Sunday, November 01, 2009

Divel...oooohhh I get it.

Checking your watch during dinner will create suspicion. So, Euston was smart to check his watch while he had a private moment with the maitre d’. He left the conveniently located closet and caught a glimpse of himself in a mirror. The view was impeccable. He adjusted the cuffs to his three piece suit, reassembled his blonde hair and proceeded to dust some invisible particles from his shoulder. Of course he didn’t forget to give himself a furtive grin and nod before returning to the table.

“Euston, where have you been Thompson was just telling us a fascinating story about the museum.” Bellowed, a now tipsy, Divel.

“I was on my way back from the washroom when I saw the Maitre d’. She was having some trouble with a man who felt he lost his reservation for unduly reasons.”

“Well I hope you didn’t tangle yourself in her mess?”

“Divel, as a gentleman I had to make sure there wasn’t a scene. I was only involved with her for 10 minutes.”

“That was quick.”

“That’s what she said.”

Euston, of course, was lying but not entirely. For all his own purposes he was a gentleman, and sometimes a doctor, and on Wednesday a realtor of high regard. Today he was sharing dinner with two important men.

Divel was a large man and the president of a very profitable cracker company. He spent sometime in politics gaining success as a councillor for Old York. If asked about his time in politics Divel would often complain about the food. Old York was one of the older neighbourhoods in Toronto and as such parties there presented a menu of epicurean interest. Euston was surprised Divel showed up to dinner. There were murmurs in the streets that he stayed up for three days preparing a shipment of Royal Select saltines for the prince of Kiribati. Gossip suggests the prince, who was going on an expedition into the mountains of Tibet, said if they must bring rations let there at least be Royal Selects. Divel ordered another whiskey cleared his throat of phlegm and searched his pockets for his lighter. He looked tired, his eyes were baggy, and the few strands of grey hair that remained on the sides of his head were unkempt.

“Here Divel, use mine”

Thompson handed Divel a lighter out of his breast pocket. The lighter was a glimmering silver with an inscription of his family’s crest. While Euston was preoccupied Thompson had been telling Divel about the dispute he was having with the Egyptian government. It seemed Thompson’s Curators Inc. were in the middle of a custody battle for the remains of an ancient tomb.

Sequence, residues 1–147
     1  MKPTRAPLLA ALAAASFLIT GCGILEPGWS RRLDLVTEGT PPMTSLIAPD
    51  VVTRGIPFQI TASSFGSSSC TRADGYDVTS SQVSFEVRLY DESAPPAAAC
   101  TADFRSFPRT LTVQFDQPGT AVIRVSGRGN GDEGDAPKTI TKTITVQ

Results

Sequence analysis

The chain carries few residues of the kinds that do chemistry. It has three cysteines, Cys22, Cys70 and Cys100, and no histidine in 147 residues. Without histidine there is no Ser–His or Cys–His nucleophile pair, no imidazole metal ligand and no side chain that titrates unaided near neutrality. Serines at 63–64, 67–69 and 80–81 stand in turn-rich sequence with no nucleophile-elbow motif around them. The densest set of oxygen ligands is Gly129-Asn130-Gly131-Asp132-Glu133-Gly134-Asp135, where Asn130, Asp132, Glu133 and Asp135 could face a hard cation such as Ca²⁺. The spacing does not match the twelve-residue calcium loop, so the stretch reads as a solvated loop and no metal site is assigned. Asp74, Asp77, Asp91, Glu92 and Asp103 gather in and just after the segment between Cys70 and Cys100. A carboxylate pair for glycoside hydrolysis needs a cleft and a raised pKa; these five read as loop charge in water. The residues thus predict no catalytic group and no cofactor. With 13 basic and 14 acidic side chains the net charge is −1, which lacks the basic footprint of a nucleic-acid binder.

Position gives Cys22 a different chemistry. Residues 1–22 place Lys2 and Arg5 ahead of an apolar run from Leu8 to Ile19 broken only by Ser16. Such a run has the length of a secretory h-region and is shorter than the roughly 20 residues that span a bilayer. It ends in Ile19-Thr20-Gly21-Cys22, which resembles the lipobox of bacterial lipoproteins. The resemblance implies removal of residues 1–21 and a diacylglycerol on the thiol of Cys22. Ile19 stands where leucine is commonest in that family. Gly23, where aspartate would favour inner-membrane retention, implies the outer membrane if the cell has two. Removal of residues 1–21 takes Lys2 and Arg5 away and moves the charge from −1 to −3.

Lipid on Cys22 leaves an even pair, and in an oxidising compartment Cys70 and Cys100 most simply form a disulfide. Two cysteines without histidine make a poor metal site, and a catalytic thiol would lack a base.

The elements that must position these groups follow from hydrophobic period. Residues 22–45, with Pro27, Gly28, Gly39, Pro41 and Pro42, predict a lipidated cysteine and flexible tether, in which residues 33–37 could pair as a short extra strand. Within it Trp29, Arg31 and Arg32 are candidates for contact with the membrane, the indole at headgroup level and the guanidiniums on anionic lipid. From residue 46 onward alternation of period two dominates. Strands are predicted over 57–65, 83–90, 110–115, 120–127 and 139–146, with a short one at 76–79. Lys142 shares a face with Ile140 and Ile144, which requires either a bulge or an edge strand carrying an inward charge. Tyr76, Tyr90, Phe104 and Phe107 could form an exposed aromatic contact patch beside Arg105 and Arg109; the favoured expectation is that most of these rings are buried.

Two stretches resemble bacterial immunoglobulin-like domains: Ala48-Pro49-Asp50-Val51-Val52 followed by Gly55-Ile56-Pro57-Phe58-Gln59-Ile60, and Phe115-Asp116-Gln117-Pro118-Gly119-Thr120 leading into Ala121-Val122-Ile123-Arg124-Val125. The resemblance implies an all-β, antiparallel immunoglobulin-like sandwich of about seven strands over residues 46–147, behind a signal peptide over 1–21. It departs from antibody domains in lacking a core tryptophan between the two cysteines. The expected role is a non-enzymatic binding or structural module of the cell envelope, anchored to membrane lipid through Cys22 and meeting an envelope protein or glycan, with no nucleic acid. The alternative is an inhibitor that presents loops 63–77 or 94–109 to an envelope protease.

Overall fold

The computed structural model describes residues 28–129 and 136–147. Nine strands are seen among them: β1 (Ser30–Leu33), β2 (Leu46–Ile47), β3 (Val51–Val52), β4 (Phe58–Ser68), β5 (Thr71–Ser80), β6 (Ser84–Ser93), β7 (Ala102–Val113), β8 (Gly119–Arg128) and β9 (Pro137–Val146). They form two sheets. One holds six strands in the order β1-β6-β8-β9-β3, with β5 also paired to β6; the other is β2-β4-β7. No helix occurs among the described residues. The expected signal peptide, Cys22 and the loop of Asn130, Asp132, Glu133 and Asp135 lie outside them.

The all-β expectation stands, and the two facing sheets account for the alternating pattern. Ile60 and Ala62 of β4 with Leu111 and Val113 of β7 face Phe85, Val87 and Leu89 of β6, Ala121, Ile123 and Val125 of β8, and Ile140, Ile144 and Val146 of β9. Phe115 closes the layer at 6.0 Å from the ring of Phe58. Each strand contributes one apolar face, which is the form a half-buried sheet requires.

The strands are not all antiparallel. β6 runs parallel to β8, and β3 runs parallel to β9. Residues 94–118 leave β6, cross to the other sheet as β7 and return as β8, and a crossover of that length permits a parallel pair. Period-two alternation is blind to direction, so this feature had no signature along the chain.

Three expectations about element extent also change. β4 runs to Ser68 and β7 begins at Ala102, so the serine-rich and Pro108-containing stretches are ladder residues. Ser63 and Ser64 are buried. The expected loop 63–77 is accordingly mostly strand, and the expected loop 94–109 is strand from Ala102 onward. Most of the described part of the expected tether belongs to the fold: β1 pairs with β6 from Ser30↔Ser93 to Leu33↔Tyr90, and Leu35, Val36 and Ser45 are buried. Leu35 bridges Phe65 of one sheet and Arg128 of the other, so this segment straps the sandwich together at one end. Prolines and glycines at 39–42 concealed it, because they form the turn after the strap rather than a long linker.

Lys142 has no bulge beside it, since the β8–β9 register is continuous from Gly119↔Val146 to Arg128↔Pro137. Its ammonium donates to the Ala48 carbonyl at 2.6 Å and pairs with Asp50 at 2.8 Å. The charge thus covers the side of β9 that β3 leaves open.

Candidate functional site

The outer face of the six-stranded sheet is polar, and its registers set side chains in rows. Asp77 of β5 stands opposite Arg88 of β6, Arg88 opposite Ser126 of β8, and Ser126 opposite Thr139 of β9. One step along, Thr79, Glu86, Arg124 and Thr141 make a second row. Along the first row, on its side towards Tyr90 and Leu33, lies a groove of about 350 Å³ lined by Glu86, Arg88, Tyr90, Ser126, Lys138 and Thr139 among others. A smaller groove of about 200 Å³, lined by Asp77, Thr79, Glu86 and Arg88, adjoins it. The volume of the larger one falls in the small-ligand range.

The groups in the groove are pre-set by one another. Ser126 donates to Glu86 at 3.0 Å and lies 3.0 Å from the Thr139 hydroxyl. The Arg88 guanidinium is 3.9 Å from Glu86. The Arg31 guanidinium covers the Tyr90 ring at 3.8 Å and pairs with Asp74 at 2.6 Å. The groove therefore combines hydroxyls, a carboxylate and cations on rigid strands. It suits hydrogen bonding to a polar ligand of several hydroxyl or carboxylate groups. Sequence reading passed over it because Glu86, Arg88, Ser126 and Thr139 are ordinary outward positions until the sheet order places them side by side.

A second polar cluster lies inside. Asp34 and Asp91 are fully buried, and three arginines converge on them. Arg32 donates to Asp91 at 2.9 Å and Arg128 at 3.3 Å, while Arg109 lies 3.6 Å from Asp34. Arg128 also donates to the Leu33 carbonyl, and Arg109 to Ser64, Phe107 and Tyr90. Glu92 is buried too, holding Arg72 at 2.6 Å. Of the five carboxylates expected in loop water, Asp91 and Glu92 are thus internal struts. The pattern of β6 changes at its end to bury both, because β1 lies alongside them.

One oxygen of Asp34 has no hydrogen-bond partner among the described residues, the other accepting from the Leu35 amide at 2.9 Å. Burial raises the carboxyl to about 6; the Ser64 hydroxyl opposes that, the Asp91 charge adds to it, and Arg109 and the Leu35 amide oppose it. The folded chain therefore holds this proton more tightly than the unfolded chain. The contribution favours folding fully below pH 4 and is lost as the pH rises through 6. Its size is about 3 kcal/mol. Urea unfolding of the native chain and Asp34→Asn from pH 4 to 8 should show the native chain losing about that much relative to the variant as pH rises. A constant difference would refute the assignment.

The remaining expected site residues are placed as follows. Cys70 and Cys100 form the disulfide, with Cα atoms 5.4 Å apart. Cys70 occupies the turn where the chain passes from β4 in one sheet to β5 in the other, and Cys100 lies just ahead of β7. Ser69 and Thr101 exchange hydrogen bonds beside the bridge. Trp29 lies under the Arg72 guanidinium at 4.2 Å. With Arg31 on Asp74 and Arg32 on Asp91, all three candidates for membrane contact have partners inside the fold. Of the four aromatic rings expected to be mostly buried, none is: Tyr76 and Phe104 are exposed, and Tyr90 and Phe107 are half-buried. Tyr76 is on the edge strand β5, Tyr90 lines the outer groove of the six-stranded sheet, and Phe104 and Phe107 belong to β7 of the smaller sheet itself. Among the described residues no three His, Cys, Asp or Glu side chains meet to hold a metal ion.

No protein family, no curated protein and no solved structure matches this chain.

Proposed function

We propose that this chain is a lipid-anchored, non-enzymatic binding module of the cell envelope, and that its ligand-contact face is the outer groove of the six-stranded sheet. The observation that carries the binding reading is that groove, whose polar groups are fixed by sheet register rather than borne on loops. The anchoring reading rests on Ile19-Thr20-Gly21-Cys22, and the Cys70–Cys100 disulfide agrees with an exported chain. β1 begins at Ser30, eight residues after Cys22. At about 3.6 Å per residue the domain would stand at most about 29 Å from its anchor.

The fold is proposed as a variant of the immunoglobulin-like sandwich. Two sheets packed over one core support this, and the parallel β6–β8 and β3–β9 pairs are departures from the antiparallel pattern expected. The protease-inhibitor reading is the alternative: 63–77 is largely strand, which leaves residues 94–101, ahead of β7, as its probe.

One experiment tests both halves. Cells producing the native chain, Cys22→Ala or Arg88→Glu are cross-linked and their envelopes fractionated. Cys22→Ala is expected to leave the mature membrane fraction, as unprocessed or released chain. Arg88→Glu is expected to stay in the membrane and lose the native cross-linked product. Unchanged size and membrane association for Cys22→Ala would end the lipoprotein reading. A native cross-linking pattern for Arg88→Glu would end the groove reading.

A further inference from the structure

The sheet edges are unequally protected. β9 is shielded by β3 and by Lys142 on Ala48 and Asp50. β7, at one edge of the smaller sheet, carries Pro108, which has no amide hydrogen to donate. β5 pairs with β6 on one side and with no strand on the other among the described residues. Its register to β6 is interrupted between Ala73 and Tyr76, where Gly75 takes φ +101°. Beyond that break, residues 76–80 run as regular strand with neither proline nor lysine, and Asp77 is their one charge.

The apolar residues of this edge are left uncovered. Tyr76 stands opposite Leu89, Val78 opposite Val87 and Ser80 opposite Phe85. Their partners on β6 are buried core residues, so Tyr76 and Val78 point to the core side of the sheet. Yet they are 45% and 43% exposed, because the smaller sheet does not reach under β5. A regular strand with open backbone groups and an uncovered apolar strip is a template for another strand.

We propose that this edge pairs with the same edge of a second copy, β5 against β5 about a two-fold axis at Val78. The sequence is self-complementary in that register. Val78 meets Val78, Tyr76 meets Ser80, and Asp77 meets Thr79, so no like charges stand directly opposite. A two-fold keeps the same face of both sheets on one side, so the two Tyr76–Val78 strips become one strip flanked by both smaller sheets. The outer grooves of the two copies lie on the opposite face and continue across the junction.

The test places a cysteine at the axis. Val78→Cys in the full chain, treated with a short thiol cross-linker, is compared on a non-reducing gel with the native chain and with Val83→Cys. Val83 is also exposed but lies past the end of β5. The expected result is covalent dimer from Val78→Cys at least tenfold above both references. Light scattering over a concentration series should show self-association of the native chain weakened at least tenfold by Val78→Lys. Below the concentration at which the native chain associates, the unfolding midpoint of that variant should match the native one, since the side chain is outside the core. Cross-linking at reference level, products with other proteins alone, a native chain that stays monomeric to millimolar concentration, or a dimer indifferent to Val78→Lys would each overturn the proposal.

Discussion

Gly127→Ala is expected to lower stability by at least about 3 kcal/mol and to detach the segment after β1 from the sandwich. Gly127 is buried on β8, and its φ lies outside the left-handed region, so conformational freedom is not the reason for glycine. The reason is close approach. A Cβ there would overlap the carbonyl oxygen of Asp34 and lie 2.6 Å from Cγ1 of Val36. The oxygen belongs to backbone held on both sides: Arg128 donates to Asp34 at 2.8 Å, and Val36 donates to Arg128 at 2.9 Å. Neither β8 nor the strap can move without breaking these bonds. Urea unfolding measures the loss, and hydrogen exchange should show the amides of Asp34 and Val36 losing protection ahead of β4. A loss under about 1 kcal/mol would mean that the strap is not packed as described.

“The museum won’t support us. Even after all the Thompson family has done for them.” Thompson said.

“Fuck the museum.” Divel barked. “Are you gonna let a couple of sandbags weigh you down?” Divel’s last comment shocked Euston it was more poetic than usual. Before building the cracker industry with his bare hands, Divel, was a veteran of the British naval brigade. There he learned a lexicon that was short and surprisingly flexible. “Fuck the museum and fuck the Egyptian government.” Divel wasn’t overly abrasive but he did not have the patience for those who became submissive while facing a clusterfuck. In the navy he was taught anything could be fixed with spit and grease and he prescribed the same solution to his problems outside the regiment.

There was a lull in the conversation as both Euston and Thompson thought of ways to trump fuck the Egyptian government.

The three men sat at the round table under the dim light of a chandelier. Divel started to slouch down in his seat so he didn’t have to support his massive stomach with his back. He looked around lazily, possibly, for a more entertaining group. Then stared out the window inquisitively. Euston and Thompson could not resist and stared with him. A person was flying horizontally towards the window. And then smashed through the glass and onto the trio’s table. The poor man had broke all of the white china and cleared off a fresh bottle of wine with the glasses. Thompson was startled and jumped out of his seat, Euston and Divel didn’t flinch, and the Maitre d came rushing out of the closet to see what happened. Rain started blowing through the hole in the window putting out Divel’s cigar. He grunted and lit up another one. Divel panned the restaurant seeing more than one shocked face, “Terrible weather these days.” He said.